State Service

The following article is from The Great Soviet Encyclopedia (1979). It might be outdated or ideologically biased.

State Service


a type of work consisting in the practical execution of state functions by workers in the state apparatus who hold posts in state institutions as a result of elections or competitive examinations or by appointment and whose work is remunerated by the state. As an administrative and legal institution the state service is based on a complex of legal norms that determine the legal position of the employees, the conditions and procedures governing their service, their responsibilities as state employees, and the forms of their remuneration.

In the USSR, where the old state machinery was abolished as a result of the Great October Socialist Revolution, there are no privileged officials or state bureaucrats forming a special caste placed above the people and ruling over them. By a decree of the All-Russian Central Executive Committee (VTsIK) of Nov. 10 (23), 1917, the various estates and civil ranks were abolished. In 1918 an annual leave of equal duration was established for state employees and workers alike; state employees were placed on the same level as all other workers with regard to social-security benefits and the length of the workday; and all were subject to the same labor legislation. The Soviet state confirmed by legislation the right of every citizen to lodge a complaint against the irregular conduct of any state employee.

The basic function of the Soviet state service is to organize the implementation of Soviet laws and decisions of the Soviets of workers’ deputies and the carrying out of the tasks and functions of the Soviet state, as well as the creative and scientific working out of problems of state administration. Soviet state employees carry out their work on behalf of the state, which in certain cases confers on some of them certain powers, for example, the right of hiring and dismissal. Their actions give rise to legal consequences or to the conditions necessary for such consequences. The state service (including the procedure and conditions for assuming a post, payment for work, and dismissal) is governed by a single set of labor regulations for all workers and employees. These regulations consist of the Principles of Labor Legislation, the codes of labor laws (KZoT) of the Union republics, and administrative enactments, that is, specific regulations concerning state administrative organs, official instructions, and other legal acts defining the official duties and rights of state employees as well as certain aspects of their legal position, such as the requirement that they must in certain cases receive special training and the ineligibility of close relatives to serve in a post of equal or subordinate rank.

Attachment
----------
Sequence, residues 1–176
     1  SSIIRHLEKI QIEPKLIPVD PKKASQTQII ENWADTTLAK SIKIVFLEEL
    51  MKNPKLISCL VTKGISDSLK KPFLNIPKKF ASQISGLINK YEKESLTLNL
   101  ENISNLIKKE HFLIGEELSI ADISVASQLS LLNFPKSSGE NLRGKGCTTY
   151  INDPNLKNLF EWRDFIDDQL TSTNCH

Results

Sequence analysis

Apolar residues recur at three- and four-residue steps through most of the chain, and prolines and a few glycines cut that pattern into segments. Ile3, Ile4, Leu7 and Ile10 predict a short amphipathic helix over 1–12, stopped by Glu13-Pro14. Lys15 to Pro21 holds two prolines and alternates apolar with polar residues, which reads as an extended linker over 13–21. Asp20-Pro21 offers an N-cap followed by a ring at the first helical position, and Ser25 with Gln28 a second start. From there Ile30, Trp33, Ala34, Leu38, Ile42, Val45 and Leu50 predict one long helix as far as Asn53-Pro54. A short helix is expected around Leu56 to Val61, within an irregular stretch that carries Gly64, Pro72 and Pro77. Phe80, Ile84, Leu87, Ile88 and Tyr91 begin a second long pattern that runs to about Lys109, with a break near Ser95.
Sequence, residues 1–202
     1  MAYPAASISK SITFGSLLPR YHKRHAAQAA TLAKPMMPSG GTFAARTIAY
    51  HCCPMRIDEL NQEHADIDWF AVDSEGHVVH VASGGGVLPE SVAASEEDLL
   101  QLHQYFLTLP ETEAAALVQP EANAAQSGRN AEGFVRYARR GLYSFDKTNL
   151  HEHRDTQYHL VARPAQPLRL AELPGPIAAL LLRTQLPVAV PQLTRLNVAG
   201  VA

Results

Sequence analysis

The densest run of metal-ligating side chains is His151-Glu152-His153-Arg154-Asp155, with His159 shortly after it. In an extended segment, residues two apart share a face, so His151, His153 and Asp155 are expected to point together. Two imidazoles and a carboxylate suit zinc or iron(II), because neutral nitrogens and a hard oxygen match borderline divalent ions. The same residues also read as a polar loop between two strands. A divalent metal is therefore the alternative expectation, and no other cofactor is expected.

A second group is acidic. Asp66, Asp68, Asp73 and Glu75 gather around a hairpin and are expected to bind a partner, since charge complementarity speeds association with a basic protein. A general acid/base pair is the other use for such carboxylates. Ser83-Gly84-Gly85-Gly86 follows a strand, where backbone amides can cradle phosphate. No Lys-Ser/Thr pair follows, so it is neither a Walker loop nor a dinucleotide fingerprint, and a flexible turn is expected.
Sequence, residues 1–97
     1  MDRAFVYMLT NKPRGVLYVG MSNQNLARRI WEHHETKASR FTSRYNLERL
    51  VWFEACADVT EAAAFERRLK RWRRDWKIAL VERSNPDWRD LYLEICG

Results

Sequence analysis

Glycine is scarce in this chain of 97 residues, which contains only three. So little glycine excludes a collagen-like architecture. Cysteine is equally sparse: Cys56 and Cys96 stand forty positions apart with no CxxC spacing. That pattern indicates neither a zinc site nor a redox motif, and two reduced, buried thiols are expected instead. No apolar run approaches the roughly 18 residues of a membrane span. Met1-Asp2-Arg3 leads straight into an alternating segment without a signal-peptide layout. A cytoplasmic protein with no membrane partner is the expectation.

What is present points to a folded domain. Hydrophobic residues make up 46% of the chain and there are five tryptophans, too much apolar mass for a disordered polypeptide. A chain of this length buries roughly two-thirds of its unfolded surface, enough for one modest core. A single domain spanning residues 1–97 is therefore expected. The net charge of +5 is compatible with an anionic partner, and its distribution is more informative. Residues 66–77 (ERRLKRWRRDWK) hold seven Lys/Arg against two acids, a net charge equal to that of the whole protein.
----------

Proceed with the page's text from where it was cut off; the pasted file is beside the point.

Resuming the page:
According to their functions, workers in the state apparatus are divided into those state employees who are vested with full authority, such as the right to issue orders, to hire, and to manage state property, and those state employees who perform auxiliary and special services necessary for accomplishing the tasks of a given state organ. Accordingly, a distinction is made between, on the one hand, officials and representatives of the authorities and, on the other hand, specialists or functionaries, such as engineers, economists, and physicians, and auxiliary personnel.

The program of the CPSU for 1961 provides for the further democratization of the state service, obliging all workers in leadership positions to submit to election and to be accountable to representative bodies and electors. The program also envisages the periodic replacement and systematic renewal of the staffs of directing bodies.

In bourgeois states, the state service is one of the oldest social institutions, in which strict classifications, hierarchic rules, and traditions have developed. Instead of “state service” the term “civil service” is used in Great Britain and the USA and “public service” in France, the Federal Republic of Germany, and Japan. Each country has its established classification of state employees, laid down by regulations. As a result there is always a sharp distinction between the higher and the lower ranks of employees in such matters as salaries and privileges. Usually there are three or four groups (classes) of employees; thus in Great Britain there is the administrative class, the executive class, the clerical class and the service personnel, and in France there is the upper, the first, and the second class, each of which is subdivided into seven or eight grades. Educational qualifications for each group have been established.


Manokhin, V. M. Sovetskaia gosudarstvennaia sluzhba. Moscow, 1966.
Administrativnoe pravo. Moscow, 1970. Pages 85–95, 148–59.


The Great Soviet Encyclopedia, 3rd Edition (1970-1979). © 2010 The Gale Group, Inc. All rights reserved.
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